"As Iron Sharpens Iron", one of my very first favorite blogs, comes in at number three with 347 views.  Good articles can stand the test of time, and I'm especially proud of that one.  Check it out, you won't be disappointed, I promise.

I'll share the two articles that were nearly tied for fourth, one that I wrote a long time ago that also stands the test of time titled, "Sex, Lies and Politics" and another article that I wrote fairly recently titled, "Jared Woodfill: Tenet vs. Track Record".  Each one had around 340 page views.

Now for a few of my favorites that I wrote that didn't have a stellar amount of page views.  "Could We Be Living In The Twilight Zone?" was one of my personal favorites, but it didn't top the charts.  With only seventy-seven views, it didn't even break the hundred mark.  Next on the list was what I considered to be a timely message, titled "Come Back To Me Before You Go Back To School" in which I encouraged parents, students and teachers to revisit their faith to help see them through a new school year.  It had just seventy-eight views total.

Just a few more to go.  Two of my favorite topics, if you haven't noticed are politics and Christianity.  So of course, the next title should be no surprise, "Politics and Christianity: Can The Two Work Together?"  That came in with a grand total of ninety-three page views.  And one of my absolute favorite past-times is, yep, you guessed it; picking on my favorite Congresscritter, John Culberson.  I put his 'Jeffersonian Republican' principals to the test here in, "Is John Culberson a Jeffersonian Republican or Not?"  Sad to say, his platform was full of holes; Swiss cheese, even.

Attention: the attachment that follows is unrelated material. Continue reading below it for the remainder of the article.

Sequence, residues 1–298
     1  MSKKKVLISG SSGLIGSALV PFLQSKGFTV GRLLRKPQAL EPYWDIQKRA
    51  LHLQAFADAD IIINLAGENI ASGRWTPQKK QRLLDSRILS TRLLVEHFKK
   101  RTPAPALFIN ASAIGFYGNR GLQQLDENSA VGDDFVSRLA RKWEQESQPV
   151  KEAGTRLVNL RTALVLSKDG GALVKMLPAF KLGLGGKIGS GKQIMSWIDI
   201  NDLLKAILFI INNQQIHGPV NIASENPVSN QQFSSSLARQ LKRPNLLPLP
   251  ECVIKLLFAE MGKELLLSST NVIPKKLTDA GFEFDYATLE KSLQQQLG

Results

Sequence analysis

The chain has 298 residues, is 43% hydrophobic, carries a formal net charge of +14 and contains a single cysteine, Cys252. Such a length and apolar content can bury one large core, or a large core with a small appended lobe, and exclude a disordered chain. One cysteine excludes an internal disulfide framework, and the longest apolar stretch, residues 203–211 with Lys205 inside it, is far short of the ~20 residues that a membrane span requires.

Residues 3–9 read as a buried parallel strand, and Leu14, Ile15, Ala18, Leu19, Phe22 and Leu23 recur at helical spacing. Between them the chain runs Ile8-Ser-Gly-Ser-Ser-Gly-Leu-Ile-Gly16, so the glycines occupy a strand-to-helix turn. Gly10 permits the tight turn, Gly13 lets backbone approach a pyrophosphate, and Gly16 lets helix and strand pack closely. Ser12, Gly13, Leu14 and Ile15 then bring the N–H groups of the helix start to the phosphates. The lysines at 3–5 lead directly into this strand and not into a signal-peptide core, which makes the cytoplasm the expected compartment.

That's all for this edition of TPC.  This isn't the end, it's just the beginning!  Remember, The Political Chicken is going places!!

Sunday, May 17, 2015

Want More Local Debt Transparency? Senator Bettencourt Delivers with SB 1041

The 84th Texas Legislature is coming to a fast and furious close.  Will there be a special session?  Will there be TWO special sessions?  Only time will tell.

As individual activists and collectively as communities in varying school districts across the state of Texas, I think it's safe to say we're all concerned about mounting local debt, especially debt for our school districts through bonds that are issued.  We've all experienced the frustrations that come with those hidden elections, when precinct numbers are changed and mobile voting is introduced, ensuring a low voter turnout to those who would normally be against the bond.

I'm a resident of the Cy-Fair School District and they passed a $1.2 Billion Bond Referendum last May that I worked against that passed with flying colors.  They employed the same tactics that other school districts and taxing authorities use to get their bonds pushed through on an unsuspecting public.  These tactics are not new, and as long as they keep being successful, they won't ever stop.

I know how hard I've personally worked alongside other volunteers and activists to defeat certain bond measures and to defeat increased taxes.  Not because I hate children or don't want to see children succeed, but because as a taxpayer I have to wonder, when is enough, 'enough'?